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He said that when the college-for-all movement started to flourish within K-12 education in the 1990s, traditional vo-tech shop classes finally got the ax. As graduation requirements increased, it decreased the number of electives, including shop classes, that students could take, he explained.
"But I've always thought it was important to help kids understand how the theoretical connects to the practical, as well as help kids, while still being college prep, get jobs, and learn a trade that could be a fallback, in case college didn't work out," he said.
In the past few years, there's been a growing backlash against the college-for-all hegemony that dominated K-12 education for the past couple of decades, as dropout rates have remained troublingly high, college tuition and debt have spiraled out of control, and many college graduates have struggled to find high-paying jobs, often ending up taking lower-paying jobs in food service, retail sales, and clerical work industries instead.
"There's a recognition now that college for all is not a great strategy for all students, and the data reflects that," said Danny Beesley, a technical expert on Fab Labs and vocational education as the founder of Oakland-based Idea Builder Labs, a company that has focused on developing and building Fab Labs in education. He helped to set up the first Fab Lab in the Oakland school district at Castlemont High five years ago, with Timothy Bremner, a teacher who created the school's Sustainable Urban Design Academy, which exposes kids to real world community projects in agriculture, environmental science, architecture, engineering, and design, about eight years ago.
"The college-for-all paradigm has been really been pushed for quite some time," Beesley said. "It's really been two decades almost that college for all has been the mantra, but if you look at the data for a lot of the school districts that really pushed that concept, 20 years of massive investment into that hasn't really moved the dial. You aren't actually sending more people to college by just by telling them to go to college."
By contrast, Bremner says that his academy's real-world approach toward teaching offers "a way to engage kids in learning around authentic community projects."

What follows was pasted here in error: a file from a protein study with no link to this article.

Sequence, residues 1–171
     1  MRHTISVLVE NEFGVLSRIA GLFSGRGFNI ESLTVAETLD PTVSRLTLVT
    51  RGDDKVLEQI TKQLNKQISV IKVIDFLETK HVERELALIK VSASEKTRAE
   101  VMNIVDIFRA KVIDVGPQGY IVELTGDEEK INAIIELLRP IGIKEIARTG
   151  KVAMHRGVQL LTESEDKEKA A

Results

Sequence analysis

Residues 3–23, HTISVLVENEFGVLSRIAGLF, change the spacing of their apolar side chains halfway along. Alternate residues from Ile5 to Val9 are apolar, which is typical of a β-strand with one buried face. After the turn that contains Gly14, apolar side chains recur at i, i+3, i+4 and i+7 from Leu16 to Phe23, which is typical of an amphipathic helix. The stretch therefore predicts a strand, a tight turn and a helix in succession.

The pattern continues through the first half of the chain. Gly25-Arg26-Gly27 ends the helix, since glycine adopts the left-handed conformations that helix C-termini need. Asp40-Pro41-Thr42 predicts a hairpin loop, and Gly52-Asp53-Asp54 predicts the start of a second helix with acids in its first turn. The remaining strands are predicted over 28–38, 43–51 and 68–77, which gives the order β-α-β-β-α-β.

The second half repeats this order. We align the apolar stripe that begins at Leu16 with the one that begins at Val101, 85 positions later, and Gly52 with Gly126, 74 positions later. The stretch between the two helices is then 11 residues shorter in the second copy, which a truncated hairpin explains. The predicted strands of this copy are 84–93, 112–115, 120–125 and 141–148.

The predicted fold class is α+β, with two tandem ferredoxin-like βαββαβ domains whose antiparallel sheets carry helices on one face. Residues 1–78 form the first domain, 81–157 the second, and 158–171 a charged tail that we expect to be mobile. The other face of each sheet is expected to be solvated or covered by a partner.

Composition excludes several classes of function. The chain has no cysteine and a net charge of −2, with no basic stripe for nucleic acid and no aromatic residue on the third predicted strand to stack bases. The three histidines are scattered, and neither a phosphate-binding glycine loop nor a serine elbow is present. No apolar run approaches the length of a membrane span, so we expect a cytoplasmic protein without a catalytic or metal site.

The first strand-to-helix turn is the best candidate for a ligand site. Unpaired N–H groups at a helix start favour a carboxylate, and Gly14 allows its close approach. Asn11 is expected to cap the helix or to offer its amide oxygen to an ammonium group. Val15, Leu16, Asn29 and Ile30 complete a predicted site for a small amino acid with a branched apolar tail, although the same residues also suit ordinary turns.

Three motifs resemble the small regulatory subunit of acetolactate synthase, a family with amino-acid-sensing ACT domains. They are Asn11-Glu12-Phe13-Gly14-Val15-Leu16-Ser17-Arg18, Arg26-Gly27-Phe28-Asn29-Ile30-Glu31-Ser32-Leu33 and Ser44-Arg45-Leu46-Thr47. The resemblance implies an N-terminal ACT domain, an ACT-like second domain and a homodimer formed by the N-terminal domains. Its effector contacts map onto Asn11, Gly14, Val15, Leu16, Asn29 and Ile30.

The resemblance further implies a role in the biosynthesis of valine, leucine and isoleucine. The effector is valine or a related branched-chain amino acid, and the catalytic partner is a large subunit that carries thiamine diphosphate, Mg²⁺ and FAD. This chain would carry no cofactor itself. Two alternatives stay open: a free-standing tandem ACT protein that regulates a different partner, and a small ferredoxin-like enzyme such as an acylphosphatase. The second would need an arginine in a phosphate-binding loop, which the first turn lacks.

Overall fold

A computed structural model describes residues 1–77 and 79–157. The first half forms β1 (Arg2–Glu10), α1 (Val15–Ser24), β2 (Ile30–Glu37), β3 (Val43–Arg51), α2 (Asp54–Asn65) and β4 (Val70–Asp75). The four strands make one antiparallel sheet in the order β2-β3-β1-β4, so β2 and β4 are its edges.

"It's fun, it's real, it's creative, it's innovative, and it has all the beauties of a hands-on project-based learning curriculum," he said of the Fab Lab. "It really teaches kids what I would consider a life skill. They learn how to use power tools, think like a builder, and have confidence around making something, which is a life skill. We're teaching what we all need to learn — to make repairs and think like a builder and be confident with those things — whether you go into design, architecture, engineering, or carpentry, or any one of the skilled trades."
Sanchez said that when he started his job as the district's Career Technical Education trades and apprenticeships director in 2015, some skilled-trades classes existed at a couple of high schools, but they weren't integrated with trades unions to have programming that not only teaches students the necessary skills but also guides them into careers. And although students at times found their way into careers in the trades, the district didn't have a tracking system or a formal way to introduce them to lucrative, blue-collar career pathways.
That has led to a shortage of skilled-trades workers statewide, nationwide, and in Oakland. Right now, the average age of an apprentice is 28, which means that people graduate from high school at 18 and they basically float around for 10 years until they find construction as a meaningful career, he said. Also, there's a concern that with more than 50 percent of the skilled-trades workforce nationwide due to retire in the next five to 10 years, "there won't be enough talent to fill that void, if we aren't lifting it up in the schools," he added.
But with the pre-apprenticeship programs at Skyline and Fremont and another that is in development at Castlemont High that the district is trying to find funding for, "careers in the skilled trades and advanced manufacturing are now starting to be recognized as viable options, and not as an afterthought," he said.
Tim White, Oakland school district's deputy chief of facilities planning and management, said what is also largely unknown to many is that the district has a "project labor agreement" with the local building trades unions that mandates that any construction agreement funded by the district's general obligation bonds in the last 10 to 15 years comes with a commitment by the unions and general contractors that the workforce be about 50 percent local. As a result, he said, there is potential for a built-in pipeline for Oakland students through pre-apprenticeships to get jobs working on those sites. But it has yet to fully materialize.
"So, although there are some good programs scattered across the district that have recently emerged under Emiliano [Sanchez], or have been established earlier by Timothy Bremner at Castlemont, we've struggled trying to make that linkage, and that's a still a huge unrealized resource," White said.